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MOVIE: STOOGE (as part of Revelation Film Festival 2018)

| 11 July 2018 | Reply

MOVIE: STOOGE (as part of Revelation Film Festival 2018)
Written & directed by Madeleine Farley
Starring Robert Partiger, Iggy Pop
Reviewed by Shane Pinnegar

Shot over several years, Madeleine Farley’s documentary follows obsessed Stooges fan Robert Partiger as he attempts to meet his hero Iggy Pop. In search of some kind of redemption after years of alcoholism and depression – his best friend describes Partiger as having had a breakdown – he seems to have decided that finally getting face to face after thirty years of following Pop would supply some kind of validation to his life – to somehow end his obsession and allow him to move forwards with his life.

Partiger sells his house to fund his escapades and jets off to Los Angeles “in search of rock n’ roll action”, where he excitedly swims in the pool of the house The Stooges lived in in the ‘60s. He dances with the band onstage in Europe. He loiters backstage and waits for Pop to leave various venues and even follows their car to see which hotel they’re staying in. He even wishes out loud that he could convince Pop to play some ping pong with him next time he comes to London – at least, until Stooges saxophonist Steve Mackay advises him that’s not going to happen. Stooges members Scott Asheton and Mike Watts also appear briefly, as does Pop’s wife, cutely referred to even in the credits as ‘Mrs Pop.’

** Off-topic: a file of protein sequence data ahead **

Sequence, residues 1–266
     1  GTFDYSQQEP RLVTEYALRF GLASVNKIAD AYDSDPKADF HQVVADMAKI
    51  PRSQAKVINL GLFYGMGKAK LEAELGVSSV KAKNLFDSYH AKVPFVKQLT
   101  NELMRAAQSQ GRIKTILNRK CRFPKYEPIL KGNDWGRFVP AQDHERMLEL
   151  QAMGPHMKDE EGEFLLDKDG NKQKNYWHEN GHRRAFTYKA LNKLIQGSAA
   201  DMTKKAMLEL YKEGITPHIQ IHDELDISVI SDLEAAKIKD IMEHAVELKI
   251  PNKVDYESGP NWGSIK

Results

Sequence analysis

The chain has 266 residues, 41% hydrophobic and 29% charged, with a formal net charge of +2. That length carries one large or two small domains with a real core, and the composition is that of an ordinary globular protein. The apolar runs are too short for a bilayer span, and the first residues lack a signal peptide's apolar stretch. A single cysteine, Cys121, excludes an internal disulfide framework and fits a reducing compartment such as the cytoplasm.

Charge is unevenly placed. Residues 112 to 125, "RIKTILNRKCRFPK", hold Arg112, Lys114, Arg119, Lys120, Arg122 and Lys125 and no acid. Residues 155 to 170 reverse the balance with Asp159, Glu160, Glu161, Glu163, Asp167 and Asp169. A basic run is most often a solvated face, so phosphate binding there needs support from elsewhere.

An ex-girlfriend likens Partiger’s futile quest to that of Don Quixote; perhaps to call it a pilgrimage would be more accurate. But it’s a pilgrimage which he eventually realises is more about him than the holy grail he seeks: indeed, when he finally flies to Miami and discovers Pop’s house, he drives away quickly, asserting that he should not even be there.

Partiger’s frailty is endearing, and it’s heartbreaking to watch him throw so much away in pursuit of a wisp of smoke. “This is the depth of the madness,” Partiger admits at one point, and we can’t help but wonder if a psychiatrist to treat his depression would have been a more fruitful outcome for him. His quest, though, is undeniably romantic – however pointless it may be.

Farley’s film is flawed – it jumps back and forth too much, and many questions go unanswered through the patchy narrative – but at its essence is a rare beauty. Where it works, it is jaw-dropping, such as the climax, where Partiger finally gets a written reply from Pop.

Partiger cannot bring himself to open and read the note for six weeks, and when he does, the anti-climax of it is somehow perfect.

Stooge is not just a movie about fandom or rock and roll obsession, it’s about depression and the way it eats at your lust for life, skewing your focus. It’s a film about being lost and searching for a way out of the fog.

We’re just extras in the lives of rock and roll stars such as Pop – he’ll never drop his schedule and play ping pong with the likes of Partiger, and we always know that. Everyone except Partiger, whose punched in the gut reaction when he reads Pop’s five word reply is the penny dropping full stop he perhaps needs, and – hopefully – the cure to his strange malais. We can only hope that now he has moved on and has a new, happier focus in his life.

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Category: Movie & Theatre Reviews

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